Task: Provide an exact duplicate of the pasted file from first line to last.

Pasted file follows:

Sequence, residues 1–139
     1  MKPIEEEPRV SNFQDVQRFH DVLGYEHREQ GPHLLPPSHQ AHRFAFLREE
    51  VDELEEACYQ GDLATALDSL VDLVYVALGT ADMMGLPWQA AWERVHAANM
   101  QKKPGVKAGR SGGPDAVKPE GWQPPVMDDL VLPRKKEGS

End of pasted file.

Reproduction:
Sequence, residues 1–139
     1  MKPIEEEPRV SNFQDVQRFH DVLGYEHREQ GPHLLPPSHQ AHRFAFLREE
    51  VDELEEACYQ GDLATALDSL VDLVYVALGT ADMMGLPWQA AWERVHAANM
   101  QKKPGVKAGR SGGPDAVKPE GWQPPVMDDL VLPRKKEGS